Oxygenic photosynthetic organisms utilize high-energy electron transfer chains comprised of redox active intermediates and light harvesting complexes. While oxygen is a necessary byproduct of water oxidation and the source of photosynthetic electrons, its presence is also dangerous because leakage of electrons and excitation energy can interact with molecular oxygen to generate reactive oxygen species (ROS). Elaborate antioxidant networks and redox buffering systems have evolved to protect photosynthetic organisms from the threat of ROS. Glutathione (GSH) is a multifunctional molecule that is involved in core metabolism, detoxification of xenobiotics and in maintenance of cellular redox poise. The ubiquitous nature of glutathione and its importance to cellular metabolism has been observed in many organisms, however the specific roles of glutathione in photosynthetic organisms are not fully understood. To address these questions, we have generated several mutants in the glutathione biosynthesis and degradation pathways in the model organism Synechocystis sp. PCC 6803 (Synechocystis 6803), an oxygenic photosynthetic cyanobacterium.
We utilized targeted homologous recombination to generate deletion mutants of glutamate-cysteine ligase (GshA) and glutathione synthetase (GshB) in Synechocystis 6803. Our results indicate that GshA activity is essential for growth in cyanobacteria because we were unable to isolate a fully segregated Δ gshA deletion mutant. We did isolate a ΔgshB mutant strain that accumulates the biosynthetic intermediate γ-glutamylcysteine (γ-EC) instead of GSH. In this work, I have characterized the physiology of the ΔgshB mutant following environmental, genetic and redox perturbations.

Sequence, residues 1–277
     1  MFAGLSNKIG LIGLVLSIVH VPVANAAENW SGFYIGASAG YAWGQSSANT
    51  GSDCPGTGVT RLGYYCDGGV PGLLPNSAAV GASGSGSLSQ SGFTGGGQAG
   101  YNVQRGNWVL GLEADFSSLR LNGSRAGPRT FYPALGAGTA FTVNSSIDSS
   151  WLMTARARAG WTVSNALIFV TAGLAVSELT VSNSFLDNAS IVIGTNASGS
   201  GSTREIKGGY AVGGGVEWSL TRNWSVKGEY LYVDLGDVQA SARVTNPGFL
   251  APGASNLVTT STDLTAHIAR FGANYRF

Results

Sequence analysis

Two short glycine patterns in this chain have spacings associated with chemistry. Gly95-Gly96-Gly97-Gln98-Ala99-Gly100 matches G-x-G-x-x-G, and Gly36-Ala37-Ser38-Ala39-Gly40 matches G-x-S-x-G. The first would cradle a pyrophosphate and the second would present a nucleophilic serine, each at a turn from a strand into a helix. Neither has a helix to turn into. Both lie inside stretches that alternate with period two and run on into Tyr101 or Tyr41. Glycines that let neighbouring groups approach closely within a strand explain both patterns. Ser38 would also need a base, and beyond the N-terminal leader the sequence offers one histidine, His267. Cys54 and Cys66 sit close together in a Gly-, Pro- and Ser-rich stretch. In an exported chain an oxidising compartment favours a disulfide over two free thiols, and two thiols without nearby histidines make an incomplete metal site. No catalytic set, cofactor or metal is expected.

The results presented here also shed light on the dynamic nature of the low-molecular weight thiol pool in cyanobacteria. We quantified the levels of cellular thiols in Synechocystis 6803 during exposure to multiple environmental and redox perturbations and found that conditions promoting increased cellular metabolism and increased ROS production, including during high-light treatment and photomixotrophic growth, lead to higher cellular thiol levels. Furthermore, the intracellular pools of thiols decrease when the cell exhibits reduced metabolic capacity during conditions such as nutrient deprivation and dark incubation. Sulfate limitation results in dramatically decreased cellular thiol contents in a short period of time. We found that the ΔgshB strain is sensitive to sulfate limitation and exhibits delayed recovery upon sulfate repletion, indicating that GSH is important for acclimation to sulfate limiting conditions. To facilitate our understanding of GSH degradation in Synechocystis 6803 during sulfate limitation, we generated a mutant lacking γ-glutamyltranspeptidase (Ggt), an enzyme with GSH degradation activity. However, the Δ ggt mutant still exhibited GSH degradation during sulfate depletion, indicating the presence of an alternative system or mechanism. We did find increased levels of GSH in the growth media of the Δggt strain compared to the WT, which suggests a role in GSH uptake or prevention of leakage.
Our results demonstrate that GSH is essential for protection from multiple environmental and redox perturbations in cyanobacteria. However, there are many pathways involved in maintenance of redox homeostasis in cyanobacteria. Therefore, we also aimed to determine whether these pathways function cooperatively to ameliorate damage from ROS. Several flavodiiron (Flv) proteins have been identified in Synechocystis 6803 that are involved in reduction of O2 to H2O without the formation of ROS intermediates. However, single Δflv3 mutants do not exhibit severe growth defects under normal conditions. Therefore, we generated a Δ gshB/Δflv3 mutant to examine whether these systems cooperate to maintain redox homeostasis. Our results show that the ΔgshB/Δflv3 mutant exhibits reduced growth than either of the single mutants when grown on solid media, suggesting a degree of interaction between these pathways in cyanobacteria.
|Advisor:||Pakrasi, Himadri B.|
|Commitee:||Blankenship, Robert E., Ho, Tuan-Hua David, Jez, Joseph M., Kranz, Robert G., Smith, Thomas J.|
|School:||Washington University in St. Louis|
|Department:||Biology & Biomedical Sciences (Plant Biology)|
|School Location:||United States -- Missouri|
|Source:||DAI-B 72/07, Dissertation Abstracts International|
|Keywords:||Cyanobacteria, Glutathione, Metals, Photosynthesis, Redox homeostasis, Ros|
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